Smart developed a pitch for a series called Lone Wolf. It was an espionage thriller with a cool, no nonsense central character sorting out the assignments Interpol and the CIA wouldn’t touch. With writer Ian Stuart Black's input the original pitch made the character of John Drake an American (probably with a view to selling the series to the US market) working for NATO.

Grade commissioned the pilot Smart co-wrote with Brian Clemens, who would shortly afterwards pen the opening episode of The Avengers. Patrick McGoohan was cast in the role of Drake after Smart saw him in a 1958 Play Of The Week television production, ‘The Big Knife’. McGoohan’s star was in the ascendancy and, as he started filming the first series of 39 half hours of Danger Man, he picked up an award for his role in ‘The Greatest Man In The World’ a 1959 play in ITV's Armchair Theatre.

McGoohan demanded changes to the lead character before he would commit to the series. He was unhappy with the pilot's depiction of Drake as a man of violence and a womaniser. Gradually, as the series progressed McGoohan transformed him into a man who rarely carried a gun, treated women with utmost respect and only resorted to fisticuffs when necessary. Drake was a deeply moral man who often questioned the unforgiving nature of his profession.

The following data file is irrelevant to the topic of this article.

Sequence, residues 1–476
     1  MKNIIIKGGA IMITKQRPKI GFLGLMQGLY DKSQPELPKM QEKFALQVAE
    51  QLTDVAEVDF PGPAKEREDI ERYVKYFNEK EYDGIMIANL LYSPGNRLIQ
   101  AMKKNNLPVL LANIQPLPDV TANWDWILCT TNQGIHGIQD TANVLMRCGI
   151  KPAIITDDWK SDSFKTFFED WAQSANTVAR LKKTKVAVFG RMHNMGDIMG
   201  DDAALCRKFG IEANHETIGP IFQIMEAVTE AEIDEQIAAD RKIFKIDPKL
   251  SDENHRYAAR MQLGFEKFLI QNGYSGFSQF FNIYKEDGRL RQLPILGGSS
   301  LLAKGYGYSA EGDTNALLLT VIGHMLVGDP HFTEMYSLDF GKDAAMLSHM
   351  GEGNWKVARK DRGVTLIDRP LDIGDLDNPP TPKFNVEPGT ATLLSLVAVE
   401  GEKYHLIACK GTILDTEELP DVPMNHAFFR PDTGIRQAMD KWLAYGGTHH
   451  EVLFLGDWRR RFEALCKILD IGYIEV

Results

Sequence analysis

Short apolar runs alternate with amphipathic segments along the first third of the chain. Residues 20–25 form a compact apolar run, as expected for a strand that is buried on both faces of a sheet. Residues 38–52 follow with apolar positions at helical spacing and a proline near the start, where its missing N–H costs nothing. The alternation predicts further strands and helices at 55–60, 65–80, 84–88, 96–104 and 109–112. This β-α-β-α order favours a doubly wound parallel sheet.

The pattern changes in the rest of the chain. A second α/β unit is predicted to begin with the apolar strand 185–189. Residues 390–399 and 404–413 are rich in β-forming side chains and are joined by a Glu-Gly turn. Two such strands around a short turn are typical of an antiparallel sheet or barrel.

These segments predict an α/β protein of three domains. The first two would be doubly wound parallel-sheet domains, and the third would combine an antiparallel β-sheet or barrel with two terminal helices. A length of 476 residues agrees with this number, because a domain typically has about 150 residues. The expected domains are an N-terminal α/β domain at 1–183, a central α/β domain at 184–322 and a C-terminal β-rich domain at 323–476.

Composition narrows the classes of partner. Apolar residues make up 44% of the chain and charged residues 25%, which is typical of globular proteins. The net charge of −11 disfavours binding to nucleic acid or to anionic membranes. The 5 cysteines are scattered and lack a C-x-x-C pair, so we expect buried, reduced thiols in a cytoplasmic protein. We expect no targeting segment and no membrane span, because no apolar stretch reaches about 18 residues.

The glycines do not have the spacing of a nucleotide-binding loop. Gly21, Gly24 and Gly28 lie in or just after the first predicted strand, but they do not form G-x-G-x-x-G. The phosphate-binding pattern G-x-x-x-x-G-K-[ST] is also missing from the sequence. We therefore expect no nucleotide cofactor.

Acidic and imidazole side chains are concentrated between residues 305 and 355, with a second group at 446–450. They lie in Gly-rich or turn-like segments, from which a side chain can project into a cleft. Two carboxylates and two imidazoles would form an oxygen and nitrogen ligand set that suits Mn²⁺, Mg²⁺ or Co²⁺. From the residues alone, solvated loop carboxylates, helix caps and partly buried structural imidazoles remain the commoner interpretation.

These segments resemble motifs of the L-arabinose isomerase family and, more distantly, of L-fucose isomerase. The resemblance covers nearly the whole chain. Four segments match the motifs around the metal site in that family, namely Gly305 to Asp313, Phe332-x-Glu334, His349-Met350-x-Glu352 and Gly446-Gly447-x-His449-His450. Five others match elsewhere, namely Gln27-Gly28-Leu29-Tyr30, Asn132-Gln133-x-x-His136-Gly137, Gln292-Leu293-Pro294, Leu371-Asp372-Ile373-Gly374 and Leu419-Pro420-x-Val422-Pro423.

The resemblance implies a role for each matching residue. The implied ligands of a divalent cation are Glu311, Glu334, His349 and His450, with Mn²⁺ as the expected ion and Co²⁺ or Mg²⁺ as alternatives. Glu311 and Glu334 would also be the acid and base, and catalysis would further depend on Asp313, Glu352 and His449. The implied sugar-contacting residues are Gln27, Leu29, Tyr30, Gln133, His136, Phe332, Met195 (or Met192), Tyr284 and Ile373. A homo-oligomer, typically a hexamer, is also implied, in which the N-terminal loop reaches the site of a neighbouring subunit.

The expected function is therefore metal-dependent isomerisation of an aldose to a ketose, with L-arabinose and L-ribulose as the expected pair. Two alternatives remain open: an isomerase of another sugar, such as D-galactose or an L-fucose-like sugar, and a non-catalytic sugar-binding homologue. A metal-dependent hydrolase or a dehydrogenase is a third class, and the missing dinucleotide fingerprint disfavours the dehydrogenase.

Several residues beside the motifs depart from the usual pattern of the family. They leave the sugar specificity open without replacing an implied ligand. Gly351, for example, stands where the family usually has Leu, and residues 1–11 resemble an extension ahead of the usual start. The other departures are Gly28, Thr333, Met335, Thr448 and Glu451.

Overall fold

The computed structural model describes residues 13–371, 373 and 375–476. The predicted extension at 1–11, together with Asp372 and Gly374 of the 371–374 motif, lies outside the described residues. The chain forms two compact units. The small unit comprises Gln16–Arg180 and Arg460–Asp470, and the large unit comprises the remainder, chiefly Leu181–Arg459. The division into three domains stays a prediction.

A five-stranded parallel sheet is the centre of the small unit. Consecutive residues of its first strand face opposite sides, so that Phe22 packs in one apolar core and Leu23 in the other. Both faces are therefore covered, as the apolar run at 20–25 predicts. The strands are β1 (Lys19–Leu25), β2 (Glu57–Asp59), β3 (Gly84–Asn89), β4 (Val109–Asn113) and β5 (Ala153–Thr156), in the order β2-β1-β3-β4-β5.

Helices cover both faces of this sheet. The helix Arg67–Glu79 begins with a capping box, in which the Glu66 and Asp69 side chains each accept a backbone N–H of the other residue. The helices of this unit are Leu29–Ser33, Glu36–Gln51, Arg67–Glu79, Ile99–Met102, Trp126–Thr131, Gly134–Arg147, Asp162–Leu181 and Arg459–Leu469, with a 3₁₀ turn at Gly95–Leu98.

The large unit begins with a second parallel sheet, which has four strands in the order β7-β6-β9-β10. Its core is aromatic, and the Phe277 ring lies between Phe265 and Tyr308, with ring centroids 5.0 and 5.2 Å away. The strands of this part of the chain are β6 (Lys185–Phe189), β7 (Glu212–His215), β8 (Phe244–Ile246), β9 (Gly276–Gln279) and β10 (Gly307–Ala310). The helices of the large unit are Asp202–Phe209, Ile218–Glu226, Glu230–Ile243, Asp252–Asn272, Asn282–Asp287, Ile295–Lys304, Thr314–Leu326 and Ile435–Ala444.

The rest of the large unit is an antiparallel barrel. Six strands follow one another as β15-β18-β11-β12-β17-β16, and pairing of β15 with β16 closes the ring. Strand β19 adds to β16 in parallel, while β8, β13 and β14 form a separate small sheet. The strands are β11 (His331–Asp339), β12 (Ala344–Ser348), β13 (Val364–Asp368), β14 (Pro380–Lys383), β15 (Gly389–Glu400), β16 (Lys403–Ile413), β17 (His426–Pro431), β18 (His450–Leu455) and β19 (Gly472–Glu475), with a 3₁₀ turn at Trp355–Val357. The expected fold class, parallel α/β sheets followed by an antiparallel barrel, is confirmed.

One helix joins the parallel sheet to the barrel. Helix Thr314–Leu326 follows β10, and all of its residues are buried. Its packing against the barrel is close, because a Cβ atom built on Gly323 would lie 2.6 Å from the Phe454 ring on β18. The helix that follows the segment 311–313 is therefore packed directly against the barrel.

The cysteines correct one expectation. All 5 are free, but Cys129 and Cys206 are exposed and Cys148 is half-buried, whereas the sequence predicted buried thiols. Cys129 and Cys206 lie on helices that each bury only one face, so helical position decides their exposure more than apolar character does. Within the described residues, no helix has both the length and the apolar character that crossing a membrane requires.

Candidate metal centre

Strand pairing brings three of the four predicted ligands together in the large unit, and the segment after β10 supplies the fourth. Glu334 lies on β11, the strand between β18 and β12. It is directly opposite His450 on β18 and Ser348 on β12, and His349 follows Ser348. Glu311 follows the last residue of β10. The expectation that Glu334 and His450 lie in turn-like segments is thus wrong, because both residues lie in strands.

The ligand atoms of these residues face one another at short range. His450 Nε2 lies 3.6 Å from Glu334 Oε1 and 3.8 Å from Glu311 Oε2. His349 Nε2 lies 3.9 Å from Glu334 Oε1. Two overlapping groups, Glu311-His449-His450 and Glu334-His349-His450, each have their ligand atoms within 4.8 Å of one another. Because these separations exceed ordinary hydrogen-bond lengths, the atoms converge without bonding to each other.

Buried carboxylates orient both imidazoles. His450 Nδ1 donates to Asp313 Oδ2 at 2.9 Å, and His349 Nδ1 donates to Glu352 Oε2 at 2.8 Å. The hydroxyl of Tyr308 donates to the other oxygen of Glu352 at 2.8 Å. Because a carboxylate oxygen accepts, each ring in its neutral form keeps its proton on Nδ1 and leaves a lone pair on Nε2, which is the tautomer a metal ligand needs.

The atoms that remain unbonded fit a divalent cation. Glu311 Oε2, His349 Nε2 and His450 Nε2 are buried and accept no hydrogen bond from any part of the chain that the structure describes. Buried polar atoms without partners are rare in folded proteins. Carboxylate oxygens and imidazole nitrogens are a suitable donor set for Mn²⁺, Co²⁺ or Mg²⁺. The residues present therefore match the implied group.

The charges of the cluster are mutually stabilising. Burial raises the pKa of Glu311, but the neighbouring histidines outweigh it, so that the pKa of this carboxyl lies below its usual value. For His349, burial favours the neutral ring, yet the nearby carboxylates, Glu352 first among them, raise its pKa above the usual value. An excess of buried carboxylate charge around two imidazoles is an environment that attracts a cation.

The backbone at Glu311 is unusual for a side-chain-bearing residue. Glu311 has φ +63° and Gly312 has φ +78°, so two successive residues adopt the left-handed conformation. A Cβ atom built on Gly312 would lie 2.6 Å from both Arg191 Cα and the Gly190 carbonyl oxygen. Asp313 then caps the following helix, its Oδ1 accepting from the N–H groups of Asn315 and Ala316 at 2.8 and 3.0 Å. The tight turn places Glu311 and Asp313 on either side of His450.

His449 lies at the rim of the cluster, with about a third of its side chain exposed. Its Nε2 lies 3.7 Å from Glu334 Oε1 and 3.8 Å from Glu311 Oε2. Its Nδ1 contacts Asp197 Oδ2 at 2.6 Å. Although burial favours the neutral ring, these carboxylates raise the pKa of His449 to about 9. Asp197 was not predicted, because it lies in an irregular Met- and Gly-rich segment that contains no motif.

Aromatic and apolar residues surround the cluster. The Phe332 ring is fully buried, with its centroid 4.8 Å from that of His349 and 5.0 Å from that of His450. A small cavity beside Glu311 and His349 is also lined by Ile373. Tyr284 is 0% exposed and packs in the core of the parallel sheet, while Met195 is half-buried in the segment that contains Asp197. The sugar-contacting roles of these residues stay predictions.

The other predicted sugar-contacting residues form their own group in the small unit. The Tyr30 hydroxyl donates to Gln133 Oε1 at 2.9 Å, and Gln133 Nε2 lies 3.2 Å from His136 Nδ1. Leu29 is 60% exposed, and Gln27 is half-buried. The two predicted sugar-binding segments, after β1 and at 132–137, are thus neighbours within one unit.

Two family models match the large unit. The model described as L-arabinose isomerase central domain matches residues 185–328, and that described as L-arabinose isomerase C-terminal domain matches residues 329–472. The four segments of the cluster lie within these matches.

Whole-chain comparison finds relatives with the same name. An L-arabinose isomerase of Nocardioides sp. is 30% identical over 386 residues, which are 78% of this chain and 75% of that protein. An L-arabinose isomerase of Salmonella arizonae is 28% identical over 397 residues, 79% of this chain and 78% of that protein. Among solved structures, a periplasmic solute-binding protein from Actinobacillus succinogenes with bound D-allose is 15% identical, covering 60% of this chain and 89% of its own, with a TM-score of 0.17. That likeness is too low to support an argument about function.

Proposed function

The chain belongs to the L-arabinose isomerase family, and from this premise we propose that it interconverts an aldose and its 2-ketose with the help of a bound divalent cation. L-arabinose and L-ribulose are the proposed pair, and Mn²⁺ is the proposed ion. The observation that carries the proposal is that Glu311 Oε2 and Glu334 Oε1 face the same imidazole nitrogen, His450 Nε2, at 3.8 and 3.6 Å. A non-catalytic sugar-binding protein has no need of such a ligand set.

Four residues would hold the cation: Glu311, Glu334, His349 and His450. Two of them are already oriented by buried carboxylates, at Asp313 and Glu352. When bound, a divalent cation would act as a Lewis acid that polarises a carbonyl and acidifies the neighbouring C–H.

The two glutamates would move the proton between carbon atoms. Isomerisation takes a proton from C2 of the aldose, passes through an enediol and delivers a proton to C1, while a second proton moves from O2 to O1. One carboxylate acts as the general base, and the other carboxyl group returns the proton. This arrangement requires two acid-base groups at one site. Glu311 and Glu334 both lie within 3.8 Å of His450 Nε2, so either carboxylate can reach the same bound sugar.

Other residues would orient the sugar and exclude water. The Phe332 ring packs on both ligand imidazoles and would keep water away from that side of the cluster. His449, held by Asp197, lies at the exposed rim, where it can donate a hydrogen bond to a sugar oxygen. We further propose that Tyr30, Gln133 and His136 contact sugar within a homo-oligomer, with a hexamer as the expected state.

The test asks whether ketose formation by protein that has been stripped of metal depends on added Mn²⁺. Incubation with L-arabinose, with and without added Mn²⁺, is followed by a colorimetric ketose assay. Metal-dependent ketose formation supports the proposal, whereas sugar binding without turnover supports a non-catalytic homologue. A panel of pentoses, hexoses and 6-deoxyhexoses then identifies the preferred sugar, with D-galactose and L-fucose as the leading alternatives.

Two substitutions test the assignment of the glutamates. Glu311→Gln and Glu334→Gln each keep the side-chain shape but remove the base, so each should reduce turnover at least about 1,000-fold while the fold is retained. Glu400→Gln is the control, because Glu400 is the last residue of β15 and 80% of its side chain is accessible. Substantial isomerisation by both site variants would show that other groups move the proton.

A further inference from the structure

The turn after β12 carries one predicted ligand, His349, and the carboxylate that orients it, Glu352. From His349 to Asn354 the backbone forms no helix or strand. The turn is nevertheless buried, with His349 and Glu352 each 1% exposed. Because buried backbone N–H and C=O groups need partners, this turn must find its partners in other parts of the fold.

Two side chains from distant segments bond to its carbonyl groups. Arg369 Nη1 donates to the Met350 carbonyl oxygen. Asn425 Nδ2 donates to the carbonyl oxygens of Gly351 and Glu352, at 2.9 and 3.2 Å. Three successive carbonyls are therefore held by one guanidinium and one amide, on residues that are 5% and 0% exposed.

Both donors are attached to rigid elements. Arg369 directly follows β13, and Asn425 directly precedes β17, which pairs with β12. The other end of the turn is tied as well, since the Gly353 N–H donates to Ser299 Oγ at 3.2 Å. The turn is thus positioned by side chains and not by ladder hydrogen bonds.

Before the cinematic Bond became notorious for his use of gadgets, Drake was already making ingenious use of tie-pin cameras, dart-firing umbrellas and electric shavers with built in recorders. When he was offered the role of James Bond in Dr. No at the end of Danger Man’s first series, McGoohan turned it down, citing the dubious morals of the character and the poor script as his reasons.

Three years elapsed before Danger Man returned for a second series, during which McGoohan pursued a film career. ITC scored another hit with The Saint and the spy adventure genre was popularised by the success of the first two James Bond films. These factors initiated the return of John Drake and Sidney Cole took over as producer for a further 32 hour-long episodes. Filming commenced in March 1964 and the second series was transmitted just before the Christmas release of Goldfinger, the Bond film that firmly established the iconic franchise.